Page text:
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    • "Recent studies have suggested that consumption of artificial sweeteners may lead to an increased risk of excessive weight gain, metabolic syndrome, type 2 diabetes, and cardiovascular disease (Duffey, Steffen, Van Horn, Jacobs, & Popkin, 2012; Lutsey, Steffen, & Stevens, 2008; Yang, 2010). Several large-scale prospective cohort studies have found a positive correlation between artificial sweetener use and weight gain in adults (Colditz et al., 1990; Fowler et al., 2008; Stellman & Garfinkel, 1988) and in children (Berkey, Rockett, Field, Gillman, & Colditz, 2004; Blum, Jacobsen, & Donnelly, 2005; Striegel-Moore et al., 2006). Consistent with the findings of our study, artificial sweeteners appear to have more effects in males than in females (Berkey et al., 2004). "
    [Show abstract] [Hide abstract] ABSTRACT: The use of artificial sweeteners has increased together with the epidemic growth of obesity. In addition to their widespread use in sodas, artificial sweeteners are added to nearly 6,000 other products sold in the US, including baby foods, frozen dinners and even yogurts. It has been suggested that the use of nonnutritive sweeteners can lead to body weight gain and an altered metabolic profile. However, very few studies have evaluated the effects of maternal consumption of artificial non-caloric sweeteners on body weight, feeding behavior or the metabolism of offspring in adult life. In this study, we found that animals exposed to aspartame during the prenatal period presented a higher consumption of sweet foods during adulthood and a greater susceptibility to alterations in metabolic parameters, such as increased glucose, LDL and triglycerides. These effects were observed in both males and females, although they were more pronounced in males. Despite the preliminary nature of this study, and the need for further confirmation of these effects, our data suggest that the consumption of sweeteners during gestation may have deleterious long-term effects and should be used with caution. Copyright © 2014. Published by Elsevier Ltd.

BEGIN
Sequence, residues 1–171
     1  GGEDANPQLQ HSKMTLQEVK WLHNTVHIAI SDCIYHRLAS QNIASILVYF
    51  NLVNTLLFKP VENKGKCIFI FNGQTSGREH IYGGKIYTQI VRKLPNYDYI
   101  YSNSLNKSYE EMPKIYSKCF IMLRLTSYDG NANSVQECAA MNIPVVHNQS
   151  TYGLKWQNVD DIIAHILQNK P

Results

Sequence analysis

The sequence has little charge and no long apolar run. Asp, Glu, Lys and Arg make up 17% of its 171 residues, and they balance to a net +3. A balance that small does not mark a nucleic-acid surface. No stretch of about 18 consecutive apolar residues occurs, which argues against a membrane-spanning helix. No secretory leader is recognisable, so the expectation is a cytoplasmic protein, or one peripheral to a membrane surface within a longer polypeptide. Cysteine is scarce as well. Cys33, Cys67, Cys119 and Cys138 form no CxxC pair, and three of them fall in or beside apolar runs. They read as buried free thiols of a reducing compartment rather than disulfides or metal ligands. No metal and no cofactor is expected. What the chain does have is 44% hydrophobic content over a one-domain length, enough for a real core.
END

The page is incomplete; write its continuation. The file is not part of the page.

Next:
Full-text · Article · Dec 2014 · Appetite
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    • "Several longitudinal studies [7-12] and a meta-analysis [13] have reported a direct association between intake of soft drink and other sweet drinks (a beverage category including fruit juice, fruit drink, cordial (a sweet, flavoured, concentrated syrup that is mixed with water to taste) and soft (carbonated) drinks) and weight gain in children and adolescents. Support for the association is not universal, however, with other longitudinal studies [14-17] and two meta-analyses [18,19] not supporting the association. "
    [Show abstract] [Hide abstract] ABSTRACT: Background Intake of sweet drinks has previously been associated with the development of overweight and obesity among children and adolescents. The present study aimed to assess the consumption pattern of sweet drinks in a population of children and adolescents in Victoria, Australia. Methods Data on 1,604 children and adolescents (4–18 years) from the comparison groups of two quasi-experimental intervention studies from Victoria, Australia were analysed. Sweet drink consumption (soft drink and fruit juice/cordial) was assessed as one day’s intake and typical intake over the last week or month at two time points between 2003 and 2008 (mean time between measurement: 2.2 years). Results Assessed using dietary recalls, more than 70% of the children and adolescents consumed sweet drinks, with no difference between age groups (p = 0.28). The median intake among consumers was 500 ml and almost a third consumed more than 750 ml per day. More children and adolescents consumed fruit juice/cordial (69%) than soft drink (33%) (p < 0.0001) and in larger volumes (median intake fruit juice/cordial: 500 ml and soft drink: 375 ml). Secular changes in sweet drink consumption were observed with a lower proportion of children and adolescents consuming sweet drinks at time 2 compared to time 1 (significant for age group 8 to <10 years, p = 0.001). Conclusion The proportion of Australian children and adolescents from the state of Victoria consuming sweet drinks has been stable or decreasing, although a high proportion of this sample consumed sweet drinks, especially fruit juice/cordial at both time points.
    Full-text · Article · Sep 2012 · BMC Public Health